On my journey to Tucson I decided to visit some of the nation’s wildlife refuges, beginning with the Mississippi Sandhill Crane refuge, near Moss Point, MS. The refuge is comprised of private holdings, public lands, and joint agency wildlife management areas. It is beautiful. The cranes are a native species. There are 139 cranes in the whole refuge which spans thousands of acres. When I asked why so few, the docent asserted the current population was a huge success: the population had declined to a few dozen at the time the refuge was established.
Many specific efforts have been ongoing from restoring the habitat to its natural condition to hand-rearing crane infants to adulthood, and releasing them into the refuge. The Mississippi Sandhill Crane is considered an “umbrella species” by scientists; it is protected under the Endangered Species Act. The latter protects habitats through the keystone or umbrella species that are specifically shown to be threatened or endangered. This results in thousands of other species being protected under the umbrella. Restoration of the watershed, forests, and marshlands benefits humans with beauty, hunting and fishing opportunities, research, clean watersheds, and flood control.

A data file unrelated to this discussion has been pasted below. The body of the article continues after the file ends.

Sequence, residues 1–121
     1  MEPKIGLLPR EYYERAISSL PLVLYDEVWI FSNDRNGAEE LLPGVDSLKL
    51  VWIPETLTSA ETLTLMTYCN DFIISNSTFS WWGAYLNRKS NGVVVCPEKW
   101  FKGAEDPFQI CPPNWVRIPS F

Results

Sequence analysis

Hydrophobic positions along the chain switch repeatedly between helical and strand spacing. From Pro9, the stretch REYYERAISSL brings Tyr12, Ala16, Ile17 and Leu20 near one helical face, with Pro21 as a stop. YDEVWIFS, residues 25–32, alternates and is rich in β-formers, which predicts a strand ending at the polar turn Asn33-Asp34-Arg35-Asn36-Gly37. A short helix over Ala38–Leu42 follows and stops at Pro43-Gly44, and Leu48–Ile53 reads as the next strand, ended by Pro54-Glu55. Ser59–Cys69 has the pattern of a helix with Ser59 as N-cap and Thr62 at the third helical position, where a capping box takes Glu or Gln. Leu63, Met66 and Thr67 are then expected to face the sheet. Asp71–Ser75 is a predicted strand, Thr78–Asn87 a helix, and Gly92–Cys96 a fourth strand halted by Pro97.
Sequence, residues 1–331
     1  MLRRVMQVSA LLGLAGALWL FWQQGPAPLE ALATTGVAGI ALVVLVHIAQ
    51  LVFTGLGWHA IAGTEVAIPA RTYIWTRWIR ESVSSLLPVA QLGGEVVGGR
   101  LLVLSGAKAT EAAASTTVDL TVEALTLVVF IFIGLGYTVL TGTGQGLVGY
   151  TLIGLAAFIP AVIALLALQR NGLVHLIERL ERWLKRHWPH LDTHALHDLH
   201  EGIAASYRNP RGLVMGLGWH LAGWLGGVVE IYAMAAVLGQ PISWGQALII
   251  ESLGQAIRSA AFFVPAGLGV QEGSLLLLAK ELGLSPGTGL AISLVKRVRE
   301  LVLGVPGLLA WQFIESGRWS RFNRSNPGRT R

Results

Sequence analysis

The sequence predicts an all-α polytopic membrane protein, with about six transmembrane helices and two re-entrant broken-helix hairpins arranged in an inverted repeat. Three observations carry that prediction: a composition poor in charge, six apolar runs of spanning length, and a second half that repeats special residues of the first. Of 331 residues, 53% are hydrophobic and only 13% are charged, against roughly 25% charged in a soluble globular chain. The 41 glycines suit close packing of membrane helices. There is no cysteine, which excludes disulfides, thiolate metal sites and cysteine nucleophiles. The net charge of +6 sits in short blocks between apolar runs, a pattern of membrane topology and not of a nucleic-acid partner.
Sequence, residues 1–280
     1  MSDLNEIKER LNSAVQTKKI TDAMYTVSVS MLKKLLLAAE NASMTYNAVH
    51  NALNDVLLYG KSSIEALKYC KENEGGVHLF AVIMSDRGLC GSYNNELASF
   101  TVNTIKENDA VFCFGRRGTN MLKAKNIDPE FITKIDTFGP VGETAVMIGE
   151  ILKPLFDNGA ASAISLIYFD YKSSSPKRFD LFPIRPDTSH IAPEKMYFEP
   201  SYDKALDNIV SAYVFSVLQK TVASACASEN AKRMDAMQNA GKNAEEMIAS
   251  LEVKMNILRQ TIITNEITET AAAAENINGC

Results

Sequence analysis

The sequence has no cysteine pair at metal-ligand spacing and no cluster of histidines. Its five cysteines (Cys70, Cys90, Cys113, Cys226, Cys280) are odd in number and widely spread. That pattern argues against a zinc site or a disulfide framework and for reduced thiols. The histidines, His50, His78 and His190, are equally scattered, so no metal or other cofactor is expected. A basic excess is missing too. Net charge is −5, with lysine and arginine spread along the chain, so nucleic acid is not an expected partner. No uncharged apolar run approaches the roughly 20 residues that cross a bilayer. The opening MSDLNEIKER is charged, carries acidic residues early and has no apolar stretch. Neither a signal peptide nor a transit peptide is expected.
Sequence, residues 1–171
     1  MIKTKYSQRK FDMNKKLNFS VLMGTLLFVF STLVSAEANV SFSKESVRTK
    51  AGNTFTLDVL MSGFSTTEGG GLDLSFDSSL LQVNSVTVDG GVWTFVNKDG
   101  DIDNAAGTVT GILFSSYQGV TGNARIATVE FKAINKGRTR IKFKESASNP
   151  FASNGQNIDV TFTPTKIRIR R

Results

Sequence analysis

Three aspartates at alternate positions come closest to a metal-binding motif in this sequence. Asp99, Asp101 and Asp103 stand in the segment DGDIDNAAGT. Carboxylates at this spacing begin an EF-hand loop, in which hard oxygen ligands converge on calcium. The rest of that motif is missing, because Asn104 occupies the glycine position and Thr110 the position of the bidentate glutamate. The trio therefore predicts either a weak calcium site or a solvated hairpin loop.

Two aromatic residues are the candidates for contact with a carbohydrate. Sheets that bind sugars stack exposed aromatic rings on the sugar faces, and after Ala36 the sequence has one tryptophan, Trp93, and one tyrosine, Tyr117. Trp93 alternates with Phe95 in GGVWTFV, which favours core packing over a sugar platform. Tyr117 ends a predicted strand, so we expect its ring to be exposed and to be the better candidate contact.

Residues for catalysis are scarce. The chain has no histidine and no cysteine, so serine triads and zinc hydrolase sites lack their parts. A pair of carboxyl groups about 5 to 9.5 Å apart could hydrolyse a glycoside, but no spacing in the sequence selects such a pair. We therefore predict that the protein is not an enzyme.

I spotted three Sandhill cranes under that shade of a large oak in a privately owned home adjacent to the refuge–along with a rooster and hen. Looked like a leisurely commiseration among species.
LEARN MORE ABOUT THE NATIONAL WILDLIFE REFUGES
I also visited the Atchafalaya NWR and the Lacassine NWR. They are both located in Louisiana and are wild places. I saw hunters and fishermen, boating, and wonderful old hunting camps and clubs at Atchafalaya, and flocks of egrets, cranes, geese, and ducks at Lacassine. The latter has a 16,000 acre fresh water pool that is mostly filled by rainwater. The marshes are wild places alive with birdsong and the croaks and bleeps of habitat teeming with life. This refuge is at the juncture of the Central and Eastern flyways and provide overwintering and stopovers for thousands of migrating birds. Louisiana is this kind of contrast: all around the refuges are oil refinery plants, and gas pipelines thread through the land and water resources along the I-10 corridor. So while the state may support a highly polluting energy source (one we all use without a thought), the state also highly values wildlife. It is a cognitive dissonance that lingers on my mind as I head out into the Texas plains. I plan to stop at the Prairie Chicken NWR today.
One thought on “America’s Wildlife Refuges: the Last Stand”
Love this post Susan. The Atchalafaya Is a jewel.